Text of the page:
You’ve moved out, gotten your own place, and you’re starting to think about moving on with your life.
You’re starting to notice other people when you go out and want someone to spend time with, someone who appreciates your company. While this may sound like a good idea, there are several problems to consider.
The best advice that you would get from your Raleigh divorce lawyer is simple—don’t do it.
Dating can have both personal and legal consequences that can be harmful to your divorce action.
Relationships have gotten really complicated these days.
For “alienation of affection”, a defendant can prove that no love and affection existed between the husband and wife.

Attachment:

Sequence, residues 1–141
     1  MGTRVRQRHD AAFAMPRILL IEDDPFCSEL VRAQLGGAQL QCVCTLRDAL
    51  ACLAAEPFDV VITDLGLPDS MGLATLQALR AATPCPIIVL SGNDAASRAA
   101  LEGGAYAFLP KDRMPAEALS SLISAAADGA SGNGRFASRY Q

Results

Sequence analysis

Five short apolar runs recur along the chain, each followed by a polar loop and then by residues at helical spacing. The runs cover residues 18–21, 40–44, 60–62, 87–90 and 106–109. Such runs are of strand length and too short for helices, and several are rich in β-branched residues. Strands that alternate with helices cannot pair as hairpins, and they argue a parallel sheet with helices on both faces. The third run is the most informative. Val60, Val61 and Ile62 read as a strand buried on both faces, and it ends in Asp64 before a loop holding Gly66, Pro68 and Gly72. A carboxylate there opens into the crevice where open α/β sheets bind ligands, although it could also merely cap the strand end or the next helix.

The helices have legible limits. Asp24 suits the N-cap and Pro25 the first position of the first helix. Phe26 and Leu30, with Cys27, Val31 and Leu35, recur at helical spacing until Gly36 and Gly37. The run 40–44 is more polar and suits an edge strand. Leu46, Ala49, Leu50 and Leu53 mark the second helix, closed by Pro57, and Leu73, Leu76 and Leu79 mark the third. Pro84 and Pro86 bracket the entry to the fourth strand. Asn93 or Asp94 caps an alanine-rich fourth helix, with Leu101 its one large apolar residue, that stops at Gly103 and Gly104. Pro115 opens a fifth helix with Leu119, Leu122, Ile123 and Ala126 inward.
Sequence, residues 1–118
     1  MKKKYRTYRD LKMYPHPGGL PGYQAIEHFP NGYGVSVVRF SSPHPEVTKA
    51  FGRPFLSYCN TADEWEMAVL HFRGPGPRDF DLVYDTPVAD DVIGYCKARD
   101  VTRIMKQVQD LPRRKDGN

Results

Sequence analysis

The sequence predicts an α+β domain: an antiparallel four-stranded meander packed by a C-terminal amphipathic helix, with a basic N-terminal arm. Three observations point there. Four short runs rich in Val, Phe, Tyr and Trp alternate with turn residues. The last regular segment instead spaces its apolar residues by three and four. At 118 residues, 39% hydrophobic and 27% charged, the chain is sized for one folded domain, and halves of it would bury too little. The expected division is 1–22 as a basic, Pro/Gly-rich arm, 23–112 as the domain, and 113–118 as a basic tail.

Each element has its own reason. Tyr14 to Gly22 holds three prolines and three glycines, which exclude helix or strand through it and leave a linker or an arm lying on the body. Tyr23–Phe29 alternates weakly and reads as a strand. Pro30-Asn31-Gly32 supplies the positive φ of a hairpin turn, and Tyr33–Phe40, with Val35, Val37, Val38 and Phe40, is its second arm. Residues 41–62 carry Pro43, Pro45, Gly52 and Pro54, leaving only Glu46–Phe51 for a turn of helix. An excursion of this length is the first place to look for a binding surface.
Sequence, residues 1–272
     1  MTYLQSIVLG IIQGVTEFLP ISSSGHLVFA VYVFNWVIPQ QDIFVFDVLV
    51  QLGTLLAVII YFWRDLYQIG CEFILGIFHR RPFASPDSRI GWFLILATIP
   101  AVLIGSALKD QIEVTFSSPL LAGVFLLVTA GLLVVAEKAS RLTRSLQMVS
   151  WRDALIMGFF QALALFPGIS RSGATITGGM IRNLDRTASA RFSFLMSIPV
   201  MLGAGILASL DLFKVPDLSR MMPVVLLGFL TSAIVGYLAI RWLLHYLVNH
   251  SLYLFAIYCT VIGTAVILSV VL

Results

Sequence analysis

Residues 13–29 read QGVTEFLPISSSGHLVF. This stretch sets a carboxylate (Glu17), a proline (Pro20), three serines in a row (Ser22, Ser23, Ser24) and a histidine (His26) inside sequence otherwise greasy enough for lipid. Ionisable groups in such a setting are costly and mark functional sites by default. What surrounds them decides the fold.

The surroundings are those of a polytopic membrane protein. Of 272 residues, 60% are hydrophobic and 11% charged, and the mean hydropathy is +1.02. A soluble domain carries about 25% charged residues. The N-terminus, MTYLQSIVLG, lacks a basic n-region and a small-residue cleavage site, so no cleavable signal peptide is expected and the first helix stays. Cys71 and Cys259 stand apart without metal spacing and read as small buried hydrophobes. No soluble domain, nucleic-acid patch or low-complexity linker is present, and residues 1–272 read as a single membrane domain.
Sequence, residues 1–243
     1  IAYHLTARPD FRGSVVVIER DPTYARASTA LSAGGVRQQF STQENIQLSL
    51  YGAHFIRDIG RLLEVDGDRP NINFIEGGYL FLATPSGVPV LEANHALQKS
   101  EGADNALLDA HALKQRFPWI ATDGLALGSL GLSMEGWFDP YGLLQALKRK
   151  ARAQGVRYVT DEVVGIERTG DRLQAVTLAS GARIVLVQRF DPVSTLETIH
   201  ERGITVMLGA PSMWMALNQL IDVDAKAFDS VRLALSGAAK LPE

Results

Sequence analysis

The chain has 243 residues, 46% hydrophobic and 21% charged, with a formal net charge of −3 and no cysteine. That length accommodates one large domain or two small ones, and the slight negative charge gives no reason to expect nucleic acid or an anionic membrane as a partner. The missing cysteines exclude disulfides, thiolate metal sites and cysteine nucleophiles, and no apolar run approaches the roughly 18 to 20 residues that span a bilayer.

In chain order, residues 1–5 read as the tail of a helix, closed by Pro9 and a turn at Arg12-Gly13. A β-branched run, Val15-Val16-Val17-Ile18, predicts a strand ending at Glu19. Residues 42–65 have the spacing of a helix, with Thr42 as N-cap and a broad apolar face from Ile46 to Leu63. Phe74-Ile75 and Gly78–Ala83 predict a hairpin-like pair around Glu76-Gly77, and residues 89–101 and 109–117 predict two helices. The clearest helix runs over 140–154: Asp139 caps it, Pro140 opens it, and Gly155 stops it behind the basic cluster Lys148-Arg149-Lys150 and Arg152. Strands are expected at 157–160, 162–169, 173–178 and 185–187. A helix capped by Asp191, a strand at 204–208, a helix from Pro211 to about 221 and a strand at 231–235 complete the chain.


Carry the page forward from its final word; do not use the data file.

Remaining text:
Another defense exists under General Statute 52-13, which allows a defendant to prove that an act giving rise to the claim for “alienation of affection” or “criminal conversion” occurred after the date of separation.
Essentially, if you can prove that the relationship did not begin until after you separated, it hurts your former spouse’s claim that your boyfriend or girlfriend caused the marriage’s end.
Beyond these actions, dating can have an effect on any post-separation support you may receive.
It can govern everything from financial support to relations between the parties.